Contact: Kara Villamil, or Mona S. Rowe
EVENT: The arrival of a six-ton, $10-million piece of scientific equipment for the atom smasher now under construction at Brookhaven National Laboratory.
The apparatus will arrive via a U.S. Air Force cargo plane.
WHEN: Thursday, November 6 (all times approximate)
7 a.m. - 10:30 a.m.
Landing of plane and unloading
11 a.m. - 1 p.m.
Truck with apparatus en route to BNL
1 p.m. - 3 p.m.
Unloading of truck at BNL
3 p.m. - 4 p.m.
Gathering to mark arrival (scientists available for interviews)
WHERE: Gabreski Airport, Westhampton to Brookhaven National Lab via County Road 31, County Road 104, Route 24, River Road, Wading River-Manorville Road, Route 25 and William Floyd Parkway.
DETAILS: The state-of-the-art apparatus, called a time projection chamber or TPC, is the largest detector of its kind in the world. It will be installed at Brookhaven's Relativistic Heavy Ion Collider (RHIC) atom smasher as part of a house-sized experiment called STAR. Once there, it will act as a sort of "3-D camera" for subatomic particles, to help physicists in their quest to understand a form of matter that has not existed since shortly after the Big Bang.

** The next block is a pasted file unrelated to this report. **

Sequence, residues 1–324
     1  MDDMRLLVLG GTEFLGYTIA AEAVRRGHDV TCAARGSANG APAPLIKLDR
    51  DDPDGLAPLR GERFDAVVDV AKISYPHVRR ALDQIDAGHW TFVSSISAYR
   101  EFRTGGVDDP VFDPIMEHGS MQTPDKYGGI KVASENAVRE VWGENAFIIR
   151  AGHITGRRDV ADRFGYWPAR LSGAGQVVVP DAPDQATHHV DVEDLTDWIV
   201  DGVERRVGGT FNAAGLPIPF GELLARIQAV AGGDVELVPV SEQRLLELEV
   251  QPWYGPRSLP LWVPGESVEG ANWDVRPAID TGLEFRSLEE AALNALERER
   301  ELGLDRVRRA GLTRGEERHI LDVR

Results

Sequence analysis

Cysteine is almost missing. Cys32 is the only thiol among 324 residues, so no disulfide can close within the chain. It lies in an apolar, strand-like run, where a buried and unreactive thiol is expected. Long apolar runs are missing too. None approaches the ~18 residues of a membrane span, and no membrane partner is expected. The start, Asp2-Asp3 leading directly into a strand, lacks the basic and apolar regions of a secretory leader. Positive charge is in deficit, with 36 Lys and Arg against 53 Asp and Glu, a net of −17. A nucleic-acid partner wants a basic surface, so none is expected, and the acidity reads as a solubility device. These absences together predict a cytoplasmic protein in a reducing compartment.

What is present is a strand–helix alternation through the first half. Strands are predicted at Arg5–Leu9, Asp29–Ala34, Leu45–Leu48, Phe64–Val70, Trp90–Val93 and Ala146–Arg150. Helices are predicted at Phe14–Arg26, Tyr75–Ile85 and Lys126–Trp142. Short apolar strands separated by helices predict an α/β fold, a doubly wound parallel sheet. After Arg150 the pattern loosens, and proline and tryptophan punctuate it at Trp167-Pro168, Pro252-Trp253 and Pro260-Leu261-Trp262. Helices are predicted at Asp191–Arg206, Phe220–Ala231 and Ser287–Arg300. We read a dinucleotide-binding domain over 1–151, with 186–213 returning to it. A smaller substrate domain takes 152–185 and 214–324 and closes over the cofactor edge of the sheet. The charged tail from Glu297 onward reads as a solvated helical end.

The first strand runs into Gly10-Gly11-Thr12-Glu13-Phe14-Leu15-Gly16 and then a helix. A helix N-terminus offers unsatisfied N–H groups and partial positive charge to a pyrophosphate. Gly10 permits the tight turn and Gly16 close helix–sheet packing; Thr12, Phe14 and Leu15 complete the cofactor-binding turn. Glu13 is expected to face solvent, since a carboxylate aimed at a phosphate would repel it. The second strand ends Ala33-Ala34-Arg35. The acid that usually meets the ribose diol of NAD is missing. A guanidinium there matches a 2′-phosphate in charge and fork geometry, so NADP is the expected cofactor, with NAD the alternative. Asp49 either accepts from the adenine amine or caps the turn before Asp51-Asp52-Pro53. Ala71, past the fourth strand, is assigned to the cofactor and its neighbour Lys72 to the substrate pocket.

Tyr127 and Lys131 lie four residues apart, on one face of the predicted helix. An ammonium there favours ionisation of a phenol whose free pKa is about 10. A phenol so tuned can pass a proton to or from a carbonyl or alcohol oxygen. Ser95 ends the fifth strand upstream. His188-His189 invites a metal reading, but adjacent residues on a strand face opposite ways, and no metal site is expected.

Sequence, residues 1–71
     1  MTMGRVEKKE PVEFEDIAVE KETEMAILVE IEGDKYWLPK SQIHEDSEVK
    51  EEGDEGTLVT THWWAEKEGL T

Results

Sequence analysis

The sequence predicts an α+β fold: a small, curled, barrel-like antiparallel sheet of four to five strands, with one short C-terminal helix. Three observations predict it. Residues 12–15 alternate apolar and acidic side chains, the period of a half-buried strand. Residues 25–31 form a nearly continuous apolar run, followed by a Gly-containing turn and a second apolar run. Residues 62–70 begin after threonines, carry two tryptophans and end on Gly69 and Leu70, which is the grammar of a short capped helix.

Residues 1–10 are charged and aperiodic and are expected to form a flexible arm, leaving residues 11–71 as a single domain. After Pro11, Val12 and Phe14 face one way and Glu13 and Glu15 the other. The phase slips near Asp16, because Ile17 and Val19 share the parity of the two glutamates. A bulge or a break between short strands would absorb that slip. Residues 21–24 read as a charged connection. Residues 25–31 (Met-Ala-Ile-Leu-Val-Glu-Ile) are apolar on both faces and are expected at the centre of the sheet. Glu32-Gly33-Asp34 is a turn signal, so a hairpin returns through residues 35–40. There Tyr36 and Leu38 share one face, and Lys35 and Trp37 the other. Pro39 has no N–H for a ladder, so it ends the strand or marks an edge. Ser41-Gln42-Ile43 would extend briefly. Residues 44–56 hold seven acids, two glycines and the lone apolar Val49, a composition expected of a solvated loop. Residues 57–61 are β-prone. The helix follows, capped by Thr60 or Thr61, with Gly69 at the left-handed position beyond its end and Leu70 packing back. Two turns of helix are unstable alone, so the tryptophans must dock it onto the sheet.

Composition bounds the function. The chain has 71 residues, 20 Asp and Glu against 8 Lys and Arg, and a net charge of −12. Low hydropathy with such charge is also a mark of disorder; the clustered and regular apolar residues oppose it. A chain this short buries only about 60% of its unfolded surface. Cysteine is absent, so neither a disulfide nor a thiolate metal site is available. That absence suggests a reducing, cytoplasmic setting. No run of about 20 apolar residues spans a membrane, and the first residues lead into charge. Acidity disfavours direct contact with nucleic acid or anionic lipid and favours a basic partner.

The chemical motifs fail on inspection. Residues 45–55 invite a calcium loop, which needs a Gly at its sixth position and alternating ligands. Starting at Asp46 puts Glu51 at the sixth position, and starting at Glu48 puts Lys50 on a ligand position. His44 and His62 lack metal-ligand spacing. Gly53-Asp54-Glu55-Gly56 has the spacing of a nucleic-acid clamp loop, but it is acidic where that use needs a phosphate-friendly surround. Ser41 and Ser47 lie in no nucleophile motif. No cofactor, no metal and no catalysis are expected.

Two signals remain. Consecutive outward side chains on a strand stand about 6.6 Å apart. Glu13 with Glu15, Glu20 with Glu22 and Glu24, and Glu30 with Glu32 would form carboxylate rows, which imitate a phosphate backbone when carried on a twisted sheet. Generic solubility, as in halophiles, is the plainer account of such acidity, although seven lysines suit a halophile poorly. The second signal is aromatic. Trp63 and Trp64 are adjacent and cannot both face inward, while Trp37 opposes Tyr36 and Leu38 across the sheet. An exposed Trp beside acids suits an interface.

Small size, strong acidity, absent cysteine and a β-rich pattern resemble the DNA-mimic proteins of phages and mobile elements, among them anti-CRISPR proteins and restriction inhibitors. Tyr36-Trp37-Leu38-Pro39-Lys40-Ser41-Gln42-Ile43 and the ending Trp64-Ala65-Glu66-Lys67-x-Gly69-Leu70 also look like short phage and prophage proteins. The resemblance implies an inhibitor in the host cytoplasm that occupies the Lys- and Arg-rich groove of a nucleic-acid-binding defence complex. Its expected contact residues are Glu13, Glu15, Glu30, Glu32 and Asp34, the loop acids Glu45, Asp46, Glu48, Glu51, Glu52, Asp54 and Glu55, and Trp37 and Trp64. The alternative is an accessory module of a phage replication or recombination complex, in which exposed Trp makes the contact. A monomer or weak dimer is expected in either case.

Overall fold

Equipped with 138,000 channels of highly sophisticated electronics, the STAR TPC will capture the thousands of particles that will be created at RHIC after each head-on collision of speeding gold atoms. After recording tens of millions of bytes of information in the aftermath of each collision, the TPC's detectors and computers will be able to go "backwards in time," reconstructing the collision in three dimensions.
Because of its size and fragility, the STAR TPC will come to Long Island on a Galaxy C-5C cargo plane through a special agreement with the U.S. Air Force. It will arrive from Lawrence Berkeley National Laboratory in California, where it was designed and built over the past four years by more than 90 people from nine institutions. The TPC measures 4.2 meters (nearly 14 feet) long and 4.1 meters (13.5 feet) wide.
The STAR experiment is a collaboration of approximately 400 scientists and engineers from 33 institutions and laboratories in the U.S. and six foreign countries. It is one of four experiments at RHIC, which will be used by close to 900 scientists from 19 countries and 22 U.S. states when it begins smashing atoms in 1999.
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